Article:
Vegan Laksa – Malaysian Curry Laksa Soup Recipe. Homemade Laksa paste with Fresh Turmeric Root. Warming, spicy, flavorful soup for fall and winter. Curry Laksa Recipe. Vegan Gluten-free Soy-free. Pin it for later.
The past weekend was predicted to be filled with big storms, rain, wind, all grey and no sun. The forecast models were not entirely correct though, so we had some rain, some wind and some sun too. No one is complaining :). The temps are dropping however and the only thing I want to do is a curl up with a bowl of soup and listen to some holiday theme novels (audio books).
This Laksa curry is super flavorful, anti inflammatory and delightful. The paste can be made at home and used whenever you want a bowl of the soup or a quick stir fry. Use whatever ingredients you have in the paste and make this curry laksa with noodles or more veggies or crisped up panfried tofu. The spices are toasted then blended or processed with herbs, aromatics, fresh turmeric root and some cashews. The paste is roasted in a little oil to release the flavors, then mushrooms and veggies and cooked for a few. The broth, coconut milk and noodles are brought to a boil and simmered until the noodles are tender and the soup thickens a bit to preference. Fold in some greens, mint and cilantro and serve. Fresh turmeric root adds the bright color to this laksa paste. Use ground turmeric if you cannot find the fresh root. Also try this turmeric root ginger root tea for the fall blues. Turmeric stains, so work carefully whether using fresh or dry.
More soups to try from the blog
What are you cooking up this fall?
Golden gorgeous Homemade Laksa Curry paste.
Add veggies of choice to this filling and warming Laksa soup.
- 2 tsp coriander seeds
- ½ tsp fennel or cumin seeds
- 1 inch fresh turmeric root, peeled if needed(or use 1 tsp or more ground turmeric)
- 1 inch fresh ginger root (peeled if needed)
- 1 green chile
- ½ tsp cayenne or use paprika + cayenne
- 1 stalk lemongrass
- 3 cloves of garlic
- 2 tbsp raw cashews, soaked for 15 mins, use almonds or pepitas for cashew-free
- a good handful of cilantro with tender stems
- 1 tsp lime juice
- 1 tsp oil
- Laksa curry paste from above
- 2 cups sliced white mushrooms
- ¾ cup sliced carrots
- ½ to 1 cup other veggies of choice (sliced or chopped small), such as bell peppers, zucchini, broccoli etc
- 3 cups veggie broth or water
- 1 13.5 oz can coconut milk, about 1.5 cups
- 6 to 8 oz brown rice noodles (uncooked)
- 1 cup of chopped spinach or chard
- salt and cayenne to taste
- sugar or sweetener if needed
- cilantro, mint for garnish
- Toast the coriander and fennel seeds for 2 to 3 minutes or until fragrant. Add to a blender or spice grinder and grind to a coarse mixture.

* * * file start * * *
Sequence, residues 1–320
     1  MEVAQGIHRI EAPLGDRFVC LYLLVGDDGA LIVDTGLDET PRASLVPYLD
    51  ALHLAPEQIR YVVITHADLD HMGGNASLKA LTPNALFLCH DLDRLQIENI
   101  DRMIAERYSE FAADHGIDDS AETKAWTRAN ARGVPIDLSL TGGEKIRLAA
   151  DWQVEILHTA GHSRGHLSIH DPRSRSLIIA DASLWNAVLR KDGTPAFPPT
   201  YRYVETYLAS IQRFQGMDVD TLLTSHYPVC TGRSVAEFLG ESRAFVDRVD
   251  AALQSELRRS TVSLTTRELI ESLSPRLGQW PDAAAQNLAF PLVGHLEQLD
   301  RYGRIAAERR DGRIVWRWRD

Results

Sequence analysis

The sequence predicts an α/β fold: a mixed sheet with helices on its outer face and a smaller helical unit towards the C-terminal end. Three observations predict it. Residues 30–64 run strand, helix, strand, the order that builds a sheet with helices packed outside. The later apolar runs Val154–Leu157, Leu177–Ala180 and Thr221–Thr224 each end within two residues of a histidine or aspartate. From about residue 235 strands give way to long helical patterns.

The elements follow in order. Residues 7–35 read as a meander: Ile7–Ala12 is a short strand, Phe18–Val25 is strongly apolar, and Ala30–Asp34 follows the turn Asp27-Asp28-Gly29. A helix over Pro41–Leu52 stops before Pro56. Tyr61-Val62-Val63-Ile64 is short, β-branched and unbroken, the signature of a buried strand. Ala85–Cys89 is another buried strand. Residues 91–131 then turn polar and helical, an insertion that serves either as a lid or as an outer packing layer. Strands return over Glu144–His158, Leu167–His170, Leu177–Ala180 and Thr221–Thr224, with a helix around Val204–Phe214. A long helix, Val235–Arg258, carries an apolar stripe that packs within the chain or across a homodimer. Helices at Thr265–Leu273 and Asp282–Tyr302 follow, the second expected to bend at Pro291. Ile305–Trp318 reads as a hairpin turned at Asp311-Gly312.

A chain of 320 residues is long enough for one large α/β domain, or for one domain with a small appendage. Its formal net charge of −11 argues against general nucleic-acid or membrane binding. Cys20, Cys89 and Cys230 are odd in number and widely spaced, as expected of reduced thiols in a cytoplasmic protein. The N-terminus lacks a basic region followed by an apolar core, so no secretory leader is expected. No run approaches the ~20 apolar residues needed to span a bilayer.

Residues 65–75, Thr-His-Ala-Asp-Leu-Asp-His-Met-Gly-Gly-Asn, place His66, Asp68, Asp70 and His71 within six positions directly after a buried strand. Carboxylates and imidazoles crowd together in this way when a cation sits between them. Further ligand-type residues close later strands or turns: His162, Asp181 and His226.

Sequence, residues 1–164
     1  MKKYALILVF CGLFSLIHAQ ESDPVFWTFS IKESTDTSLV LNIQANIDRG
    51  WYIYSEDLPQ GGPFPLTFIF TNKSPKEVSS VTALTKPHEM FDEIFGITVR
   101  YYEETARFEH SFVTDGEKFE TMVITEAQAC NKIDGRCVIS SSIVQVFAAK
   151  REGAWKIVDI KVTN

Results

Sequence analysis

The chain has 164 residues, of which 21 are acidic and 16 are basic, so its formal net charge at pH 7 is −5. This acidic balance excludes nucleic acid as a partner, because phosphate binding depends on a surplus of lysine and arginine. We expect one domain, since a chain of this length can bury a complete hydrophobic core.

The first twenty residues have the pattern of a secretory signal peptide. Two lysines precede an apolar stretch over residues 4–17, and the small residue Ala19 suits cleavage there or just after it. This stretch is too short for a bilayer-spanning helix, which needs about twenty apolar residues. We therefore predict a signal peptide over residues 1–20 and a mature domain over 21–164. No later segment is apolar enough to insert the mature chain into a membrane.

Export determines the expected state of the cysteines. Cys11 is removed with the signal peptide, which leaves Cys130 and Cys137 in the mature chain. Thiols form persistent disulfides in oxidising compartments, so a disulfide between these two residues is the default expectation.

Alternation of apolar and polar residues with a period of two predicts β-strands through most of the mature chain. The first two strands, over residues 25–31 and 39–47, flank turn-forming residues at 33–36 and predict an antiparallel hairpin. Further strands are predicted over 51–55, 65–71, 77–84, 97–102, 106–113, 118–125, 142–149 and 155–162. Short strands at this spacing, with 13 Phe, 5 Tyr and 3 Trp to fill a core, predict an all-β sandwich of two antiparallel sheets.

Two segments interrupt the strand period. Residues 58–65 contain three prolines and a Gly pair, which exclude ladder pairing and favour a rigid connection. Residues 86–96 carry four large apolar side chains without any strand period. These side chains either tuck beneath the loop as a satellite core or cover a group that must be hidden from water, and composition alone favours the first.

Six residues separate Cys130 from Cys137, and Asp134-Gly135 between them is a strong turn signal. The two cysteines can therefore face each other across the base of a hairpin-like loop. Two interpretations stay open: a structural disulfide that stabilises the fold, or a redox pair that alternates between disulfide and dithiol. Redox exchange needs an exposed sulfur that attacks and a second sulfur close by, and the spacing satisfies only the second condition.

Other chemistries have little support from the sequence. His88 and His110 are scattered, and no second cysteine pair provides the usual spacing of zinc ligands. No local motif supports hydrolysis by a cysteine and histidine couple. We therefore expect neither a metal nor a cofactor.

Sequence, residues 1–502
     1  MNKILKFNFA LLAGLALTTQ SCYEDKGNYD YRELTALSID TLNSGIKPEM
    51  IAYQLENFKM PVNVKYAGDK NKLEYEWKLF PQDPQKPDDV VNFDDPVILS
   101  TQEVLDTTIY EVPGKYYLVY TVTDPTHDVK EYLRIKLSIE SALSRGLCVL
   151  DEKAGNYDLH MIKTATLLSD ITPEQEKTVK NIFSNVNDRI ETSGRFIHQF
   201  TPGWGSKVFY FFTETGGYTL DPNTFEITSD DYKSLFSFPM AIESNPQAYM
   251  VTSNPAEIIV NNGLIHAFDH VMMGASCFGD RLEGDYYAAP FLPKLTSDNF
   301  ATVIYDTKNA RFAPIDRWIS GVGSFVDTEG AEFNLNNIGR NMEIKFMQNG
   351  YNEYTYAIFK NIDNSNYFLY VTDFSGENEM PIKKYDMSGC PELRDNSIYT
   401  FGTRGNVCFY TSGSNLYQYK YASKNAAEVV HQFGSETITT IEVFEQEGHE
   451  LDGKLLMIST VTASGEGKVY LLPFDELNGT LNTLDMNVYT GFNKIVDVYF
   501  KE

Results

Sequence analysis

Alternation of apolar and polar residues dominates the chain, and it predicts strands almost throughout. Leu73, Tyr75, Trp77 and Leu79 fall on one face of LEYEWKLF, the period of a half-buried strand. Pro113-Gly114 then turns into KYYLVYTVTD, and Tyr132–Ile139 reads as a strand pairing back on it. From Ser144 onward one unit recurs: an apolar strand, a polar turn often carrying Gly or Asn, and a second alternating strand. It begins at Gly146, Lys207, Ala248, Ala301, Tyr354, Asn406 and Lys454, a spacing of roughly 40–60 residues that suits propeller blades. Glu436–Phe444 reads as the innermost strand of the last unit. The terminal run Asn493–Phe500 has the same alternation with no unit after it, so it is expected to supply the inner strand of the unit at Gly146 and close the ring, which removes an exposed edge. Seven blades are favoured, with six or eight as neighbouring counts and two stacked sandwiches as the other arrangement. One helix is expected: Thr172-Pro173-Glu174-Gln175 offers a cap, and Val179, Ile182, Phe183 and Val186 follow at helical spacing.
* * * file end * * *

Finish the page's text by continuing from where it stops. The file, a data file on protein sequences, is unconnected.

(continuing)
- Add the rest of the ingredients to a blender or food processor and blend until pasty. Add a tbsp or so water if needed. The paste can be refrigerated for upto a week and frozen for longer..
- Heat oil in a saucepan over medium heat. Add all of the curry paste (1/3 to ½ cup) and fry for 3 minutes. Stir occasionally. If using premade paste, use a ⅓ cup.
- Add the mushrooms and cook for 2 minutes.
- Add the veggies, broth and coconut milk and bring to a boil. Reduce heat to medium low. Add in the rice noodles and let the mixture simmer for 10 minutes.
- Fold in the spinach and chard. Taste and adjust salt and heat. I usually add a bit of salt or soy sauce, lime juice and some sugar at this point. Add more coconut milk if needed. Simmer for another few minutes. Garnish with fresh cilantro, mint, bean sprouts or crisped tofu and serve.
Reading for the week:
Most elephants that are rescued from circus, entertainment, logging, begging industries, never had the chance to form friendships — living in chains, often alone, deprives them of the simple joy of bonding with other elephants. These elephants develop deep bonds at the rescue centers at Wildlife SOS. Find out how you can support the expansion of the conservation center and the road to rescuing India’s elephants here.
This article on how what we choose to eat is affecting the planet. A comprehensive study that analyzed the “cradle-to-grave” carbon footprint (emissions generated before and after the food leaves the farm), lists the numbers – lamb generates 86.4 pounds of CO2 per kilogram eaten, beef creates 59.6 pounds, cheese produces 29.7 pounds, while lentils (1.98 pounds), broccoli (4.4 pounds) and tomatoes (2.42 pounds). Also this video.
More than 43 million gallons of excess of milk got dumped this year in 2016, in fields, manure lagoons or animal feed. That is enough milk to fill 66 Olympic swimming pools, and the most wasted in at least 16 years of data requested by The Wall Street Journal. Why? Because the demand is falling, supply isnt.